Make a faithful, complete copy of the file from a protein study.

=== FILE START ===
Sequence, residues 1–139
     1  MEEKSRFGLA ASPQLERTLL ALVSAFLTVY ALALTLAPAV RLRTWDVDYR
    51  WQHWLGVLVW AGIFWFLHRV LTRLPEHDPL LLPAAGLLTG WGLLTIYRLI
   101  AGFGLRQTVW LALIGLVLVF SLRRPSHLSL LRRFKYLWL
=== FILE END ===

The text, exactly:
Sequence, residues 1–139
     1  MEEKSRFGLA ASPQLERTLL ALVSAFLTVY ALALTLAPAV RLRTWDVDYR
    51  WQHWLGVLVW AGIFWFLHRV LTRLPEHDPL LLPAAGLLTG WGLLTIYRLI
   101  AGFGLRQTVW LALIGLVLVF SLRRPSHLSL LRRFKYLWL